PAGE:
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Fiction / Rachel Neithercut


Issue 2. June 21, 2021

What else am I supposed to believe when I find myself so different?
            My daughter was born with a membrane over her face.  I didn’t see, but Tom smiled as he described how the midwives wiped it away, and how our daughter turned red and stretched her mouth and scraped her vocal cords into a wail. 
            Her eyes were very dark blue.  When I looked into them, I saw myself standing on a ladder that stretched into the sky.  I was so far up that my face was only a pale smudge. 
            After I was stitched up a midwife brought me milky tea and soggy, white bread toast.  It tasted incredible, despite the pallor and mush of it.  I devoured it.  Perhaps I should have been more cautious.  Fairy food is dangerous. 
            We spent the night in a hospital room.  I had the only bed.  Tom dozed propped in a chair.  The baby slept in a transparent box, tucked in with blankets and a little hat, whispering to herself.  Every so often she would cry, and Tom would get up and talk to her, or bring her to be fed.
            Was it then, as I willed thick, pus-yellow gobbets of colostrum to seep from my nipples, that I was changed?  Did I nod off briefly and wake not myself?  Or was it earlier, in the delivery room, when all the attention was on her safe passage into the world?  How easy to spirit one body away and substitute another.
            When we arrived home, there was a party. My parents came and cooked a feast in our tiny kitchen, beaming like conjurors. They made boiled eggs, potatoes, salmon.  Scones with cream and crimson jam.  I couldn't eat.  Everyone jostled to hold the baby until it was time for her nap.  Their faces seemed strange, rubbery and false, and I was glad to take the baby upstairs where it was quiet. 
            The next day a midwife came, and we went upstairs to see the baby asleep in the Moses basket.  Her face was folded in on itself like a crease.  I had slept in that same Moses basket when I was like her, tiny and dark and real.  I tried to explain that I was afraid to wake her up and afraid to let her sleep. The midwife was kind, but I don’t remember what she said.  I only remember her hand on my shoulder and her eyes, very close and clear, as she looked at me.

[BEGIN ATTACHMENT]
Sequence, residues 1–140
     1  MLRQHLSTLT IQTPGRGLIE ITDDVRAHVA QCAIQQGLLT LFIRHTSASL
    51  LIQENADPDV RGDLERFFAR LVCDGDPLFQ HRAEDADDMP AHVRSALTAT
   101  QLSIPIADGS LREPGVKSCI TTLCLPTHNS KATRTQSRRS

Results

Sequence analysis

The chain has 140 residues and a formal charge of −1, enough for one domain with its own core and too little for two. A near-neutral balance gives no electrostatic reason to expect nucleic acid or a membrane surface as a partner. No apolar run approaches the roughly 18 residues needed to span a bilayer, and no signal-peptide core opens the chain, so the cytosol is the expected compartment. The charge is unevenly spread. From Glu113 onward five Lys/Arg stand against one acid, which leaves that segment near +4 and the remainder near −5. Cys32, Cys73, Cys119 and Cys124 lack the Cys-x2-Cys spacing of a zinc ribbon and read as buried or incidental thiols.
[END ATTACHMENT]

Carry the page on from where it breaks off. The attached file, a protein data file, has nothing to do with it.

At night it is just me and the baby together in the dark. She lies close to me and I feed her. We drift in and out of sleep joined like this for hours. I ache from lying curled around her. I keep the blankets tucked at my feet and my body slowly grows colder. She is always warm, her cheek pressed snugly against me, cosy in her little suit.
            There are dreams. The baby is lost in the bed.  She is lost somewhere in the room and I can’t find her.  She is lost in a river.  She is lost in a forest.  She is lost in a busy street, a shop, an attic. In some dark place. I am walking down a desolate road and realise she is gone. I have left her behind. All night long I lose her over and over again, until I wake and check her breathing. She snuffles like the tiny animal that she is. 
            Each day is a boulder than must be rolled up, up to the summit of a dark mountain.  I have tasks to complete.  I spin nourishment from my body.  I sit for hours, very still.  I think about the baby and try to imagine what she wants or needs. 
            There is a spell on the words that come out of my mouth.  When I speak to Tom he does not understand, he only smiles sweetly at me or says he is busy with work.  He tells me to rest.  The midwife who visits is so cheerful, she mustn’t know I’ve been changed either.  I have tried to break the spell.  Last week I took all our plates out to the garden and smashed them on the stones.  Nothing happened.  I am just the same. 
            During the day I hear the crows talking.  I’d never noticed before.  Perhaps this is a power I have gained in exchange for being reduced to such a miserable creature.  The crows talk about me, or about the baby, or about other things, and I listen carefully in case they know where I have been hidden.  I don’t think they know I can hear them. 

Rachel was born in Glasgow, grew up on Merseyside, and currently lives in the Peak District.  She was part of the ACE funded MumWrite 2020 Programme. Her work has been published in Lucky Pierre Zine, Selcouth Station, Streetcake, Eye Flash Poetry, and Babel Tower Notice Board.  She is on twitter as @stars_crickets

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